Content disarm and reconstruct and privileged account management are opening up new opportunities for resellers across Australia and New Zealand as businesses increasingly look ‘outside the box’ for new ways to protect themselves.
Scott Hagenus, emt Distribution chief marketing officer, says both markets are providing ‘enormous’ opportunities for local resellers. He likens the content disarm and reconstruct opportunity to ‘panning for gold in a river that is full of gold and no one else has found yet’.
“There’s so much disruptive technology in the market place, both from a protection perspective and an attack perspective, that it behoves people to look outside the box. And that’s what we’re seeing,” Hagenus says.
Emt concentrates on solutions which address the Australian Signals Directorate’s information security manual, which covers much of what is in the New Zealand ISM as well.
Among the areas of focus for the Australian government is disabling macros and other potentially dangerous content. It’s an area of high interest for emt’s customers, Hagenus says.
“There is a real interest at both partner level and end user level in content disarm and reconstruct,” Hagenus says.
Disarm and recontruct, or data sanitisation, strips out any potentially dangerous content from documents, then ‘reconstructs’ the document to its original format so it remains totally workable and usable, with zero threat.
“A lot of people aren’t aware that the technology is available and so when the subject is broached it’s just a conversation describing what it is about, and then every single person we have spoken to has gone ‘actually, yeah, we know exactly where that would sit within this organisation’. They identify immediately where the use case is.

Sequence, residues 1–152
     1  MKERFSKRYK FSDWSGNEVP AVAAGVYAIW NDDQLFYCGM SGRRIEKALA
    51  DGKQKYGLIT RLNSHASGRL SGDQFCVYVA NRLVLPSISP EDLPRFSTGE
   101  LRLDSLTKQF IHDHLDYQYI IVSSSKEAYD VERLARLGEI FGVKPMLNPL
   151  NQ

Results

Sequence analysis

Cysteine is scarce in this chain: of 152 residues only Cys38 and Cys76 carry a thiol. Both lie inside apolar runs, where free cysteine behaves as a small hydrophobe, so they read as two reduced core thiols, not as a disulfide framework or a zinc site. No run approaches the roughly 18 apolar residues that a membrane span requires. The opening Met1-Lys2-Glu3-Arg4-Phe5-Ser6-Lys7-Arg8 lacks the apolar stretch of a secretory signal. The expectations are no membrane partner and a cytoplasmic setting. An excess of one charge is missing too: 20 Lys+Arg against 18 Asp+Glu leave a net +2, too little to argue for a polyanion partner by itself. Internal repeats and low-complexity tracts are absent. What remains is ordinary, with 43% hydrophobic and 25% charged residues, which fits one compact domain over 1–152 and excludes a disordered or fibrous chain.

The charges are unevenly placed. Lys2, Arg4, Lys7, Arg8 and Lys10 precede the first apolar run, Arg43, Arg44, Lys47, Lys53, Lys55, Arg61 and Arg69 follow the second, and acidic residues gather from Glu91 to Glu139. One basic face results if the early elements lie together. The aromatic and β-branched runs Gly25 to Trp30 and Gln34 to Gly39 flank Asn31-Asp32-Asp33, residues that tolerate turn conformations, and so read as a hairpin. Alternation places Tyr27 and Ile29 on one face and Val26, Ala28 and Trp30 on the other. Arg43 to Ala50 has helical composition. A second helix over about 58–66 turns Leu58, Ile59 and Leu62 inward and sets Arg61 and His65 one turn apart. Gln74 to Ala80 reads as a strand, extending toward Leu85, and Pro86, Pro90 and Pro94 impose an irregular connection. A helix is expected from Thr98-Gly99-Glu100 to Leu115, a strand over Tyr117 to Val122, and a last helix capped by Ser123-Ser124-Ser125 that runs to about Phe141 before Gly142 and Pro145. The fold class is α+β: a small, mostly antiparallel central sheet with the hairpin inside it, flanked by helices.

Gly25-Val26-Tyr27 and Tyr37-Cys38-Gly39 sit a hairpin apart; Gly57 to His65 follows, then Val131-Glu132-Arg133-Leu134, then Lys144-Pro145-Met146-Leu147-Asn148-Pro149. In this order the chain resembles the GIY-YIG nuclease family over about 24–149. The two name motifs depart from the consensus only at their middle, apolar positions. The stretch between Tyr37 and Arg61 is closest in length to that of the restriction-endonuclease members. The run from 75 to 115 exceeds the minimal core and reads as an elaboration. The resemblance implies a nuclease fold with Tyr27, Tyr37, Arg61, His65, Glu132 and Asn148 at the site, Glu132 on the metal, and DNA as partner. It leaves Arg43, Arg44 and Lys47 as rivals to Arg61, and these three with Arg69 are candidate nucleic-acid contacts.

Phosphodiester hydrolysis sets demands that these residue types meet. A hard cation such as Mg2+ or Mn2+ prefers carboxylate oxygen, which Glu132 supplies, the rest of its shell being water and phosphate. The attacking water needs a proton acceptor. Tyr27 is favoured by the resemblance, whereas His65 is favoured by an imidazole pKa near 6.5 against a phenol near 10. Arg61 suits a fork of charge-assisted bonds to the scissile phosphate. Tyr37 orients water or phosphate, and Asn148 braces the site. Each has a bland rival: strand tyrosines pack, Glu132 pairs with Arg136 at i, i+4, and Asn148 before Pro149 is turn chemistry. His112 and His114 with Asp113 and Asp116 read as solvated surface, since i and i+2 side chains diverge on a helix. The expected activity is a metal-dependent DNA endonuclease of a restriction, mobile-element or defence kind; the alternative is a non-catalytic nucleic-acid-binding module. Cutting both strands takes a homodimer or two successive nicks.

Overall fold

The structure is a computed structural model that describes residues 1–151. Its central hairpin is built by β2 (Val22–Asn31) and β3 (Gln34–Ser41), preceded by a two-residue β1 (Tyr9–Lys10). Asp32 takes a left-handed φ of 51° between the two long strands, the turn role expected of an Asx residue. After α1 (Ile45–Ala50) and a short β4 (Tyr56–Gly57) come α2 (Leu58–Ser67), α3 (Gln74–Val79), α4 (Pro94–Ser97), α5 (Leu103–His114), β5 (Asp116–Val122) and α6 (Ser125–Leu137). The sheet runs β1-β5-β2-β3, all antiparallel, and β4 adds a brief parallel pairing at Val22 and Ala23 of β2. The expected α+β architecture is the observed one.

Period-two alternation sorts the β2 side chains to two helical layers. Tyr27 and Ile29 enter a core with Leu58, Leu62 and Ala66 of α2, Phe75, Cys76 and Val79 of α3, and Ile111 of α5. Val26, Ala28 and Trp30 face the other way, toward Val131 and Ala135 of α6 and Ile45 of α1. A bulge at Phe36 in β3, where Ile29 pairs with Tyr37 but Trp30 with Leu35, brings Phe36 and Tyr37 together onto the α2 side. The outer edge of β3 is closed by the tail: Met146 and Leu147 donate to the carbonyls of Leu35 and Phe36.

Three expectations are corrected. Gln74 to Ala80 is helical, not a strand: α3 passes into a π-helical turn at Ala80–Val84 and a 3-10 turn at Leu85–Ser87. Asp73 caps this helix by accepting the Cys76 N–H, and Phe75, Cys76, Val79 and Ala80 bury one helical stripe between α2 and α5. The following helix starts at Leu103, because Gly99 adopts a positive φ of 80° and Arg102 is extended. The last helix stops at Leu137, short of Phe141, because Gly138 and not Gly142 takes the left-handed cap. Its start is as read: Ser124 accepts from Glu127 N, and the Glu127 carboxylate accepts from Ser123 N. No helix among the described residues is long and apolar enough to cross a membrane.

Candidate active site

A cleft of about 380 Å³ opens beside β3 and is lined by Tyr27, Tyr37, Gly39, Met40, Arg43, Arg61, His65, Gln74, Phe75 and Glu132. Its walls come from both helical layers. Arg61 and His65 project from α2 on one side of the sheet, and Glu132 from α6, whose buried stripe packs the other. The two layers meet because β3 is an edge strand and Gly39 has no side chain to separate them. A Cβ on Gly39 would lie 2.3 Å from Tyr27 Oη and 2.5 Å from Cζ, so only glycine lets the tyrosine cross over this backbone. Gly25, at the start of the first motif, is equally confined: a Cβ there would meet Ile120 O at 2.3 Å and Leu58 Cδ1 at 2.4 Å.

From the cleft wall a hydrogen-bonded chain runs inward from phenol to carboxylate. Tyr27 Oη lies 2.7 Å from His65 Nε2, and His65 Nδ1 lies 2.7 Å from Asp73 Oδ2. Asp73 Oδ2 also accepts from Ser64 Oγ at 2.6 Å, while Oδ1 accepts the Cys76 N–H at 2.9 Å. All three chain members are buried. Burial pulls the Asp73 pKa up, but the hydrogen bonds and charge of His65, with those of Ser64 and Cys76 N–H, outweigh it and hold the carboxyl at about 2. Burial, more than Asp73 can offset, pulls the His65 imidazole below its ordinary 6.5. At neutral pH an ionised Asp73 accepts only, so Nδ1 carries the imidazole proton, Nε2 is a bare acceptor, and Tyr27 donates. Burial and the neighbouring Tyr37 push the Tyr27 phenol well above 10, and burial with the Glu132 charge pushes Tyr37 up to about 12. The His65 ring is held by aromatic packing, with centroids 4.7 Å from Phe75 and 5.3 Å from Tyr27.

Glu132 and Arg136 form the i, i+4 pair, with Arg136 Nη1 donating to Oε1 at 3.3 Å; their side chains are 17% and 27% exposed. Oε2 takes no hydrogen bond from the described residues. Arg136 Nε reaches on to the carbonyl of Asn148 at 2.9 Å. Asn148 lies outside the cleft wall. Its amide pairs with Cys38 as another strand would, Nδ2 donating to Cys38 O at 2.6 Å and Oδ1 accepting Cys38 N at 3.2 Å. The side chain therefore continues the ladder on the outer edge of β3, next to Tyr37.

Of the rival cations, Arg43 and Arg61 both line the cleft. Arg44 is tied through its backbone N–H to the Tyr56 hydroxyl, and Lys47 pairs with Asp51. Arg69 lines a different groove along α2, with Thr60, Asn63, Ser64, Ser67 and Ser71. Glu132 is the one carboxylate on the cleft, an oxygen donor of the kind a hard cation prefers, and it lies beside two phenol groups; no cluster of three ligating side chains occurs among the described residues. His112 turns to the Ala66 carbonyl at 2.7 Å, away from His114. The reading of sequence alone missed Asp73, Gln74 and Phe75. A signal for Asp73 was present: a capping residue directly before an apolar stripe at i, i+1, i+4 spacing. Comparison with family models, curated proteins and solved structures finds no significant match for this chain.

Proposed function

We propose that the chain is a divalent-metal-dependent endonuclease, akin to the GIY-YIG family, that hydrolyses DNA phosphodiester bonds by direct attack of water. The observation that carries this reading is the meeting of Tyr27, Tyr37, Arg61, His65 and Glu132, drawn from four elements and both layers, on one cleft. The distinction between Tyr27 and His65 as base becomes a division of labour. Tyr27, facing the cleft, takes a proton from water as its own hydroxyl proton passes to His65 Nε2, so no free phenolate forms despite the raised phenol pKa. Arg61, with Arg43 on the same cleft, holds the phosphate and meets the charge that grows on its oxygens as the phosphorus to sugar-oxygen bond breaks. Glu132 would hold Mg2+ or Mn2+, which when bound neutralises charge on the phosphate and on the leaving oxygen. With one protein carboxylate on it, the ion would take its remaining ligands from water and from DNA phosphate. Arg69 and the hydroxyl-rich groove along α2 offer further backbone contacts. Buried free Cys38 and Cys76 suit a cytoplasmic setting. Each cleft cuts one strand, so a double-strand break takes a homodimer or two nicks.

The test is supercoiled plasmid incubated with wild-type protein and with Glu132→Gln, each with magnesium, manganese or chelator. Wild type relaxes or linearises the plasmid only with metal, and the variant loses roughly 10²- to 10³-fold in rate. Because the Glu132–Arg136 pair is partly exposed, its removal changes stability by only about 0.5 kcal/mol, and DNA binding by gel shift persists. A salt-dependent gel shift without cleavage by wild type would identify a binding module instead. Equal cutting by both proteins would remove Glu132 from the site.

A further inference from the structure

“It’s a very, very big opportunity at the moment,” Hagenus says, noting the offering can fit at all levels of business and government.
He cites the example of one SMB graphic design company which got hit five times by ransomware earlier this year.
“They had a problem with ransomware coming in through files being submitted for them to carry out their business.
“Pure and simple, if they had been running this solution they would never have had the issue with the downtime they had,” Hagenus says.
“There are very few organisations around that don’t accept information from untrusted sources, so it’s a massive opportunity and it’s also a massive need.”
Hagenus says privileged account management is also an area of big growth across both Australia and New Zealand – and the wider Asia Pacific market.
“Most people look at solutions at the moment in this area at a password management problem and haven’t got a full understanding of how that ties into privileged account management and the risks posed with privileged accounts, so there’s an education going on with that,” he says.
“We have a lot of potnetial for growth [in privileged account management] and we’re seeing it.
“It has made a big impact on our business – the uptake we’ve had since we’ve taken on the privileged account management side of things has been enormous.”
However, Hagenus, who was in New Zealand recently meeting with partners and end customers, also sounded a warning for the reseller community, noting that several end customers he spoke to in New Zealand were underwhelmed by the service they’re receiving from channel partners.
“It was apparent that some of the solutions some end users have in place weren’t being utilised to their fullest and a couple of the comments we had from a few of the customers were that the big end of town on partner side of things were not really adding the value they were hoping to see and they were very much open to looking at other providers that really did add value to their organisation,” he says.
“Some of that is being able to do things like health checks on solutions and recommendations on other areas for the things that keep them up at night.”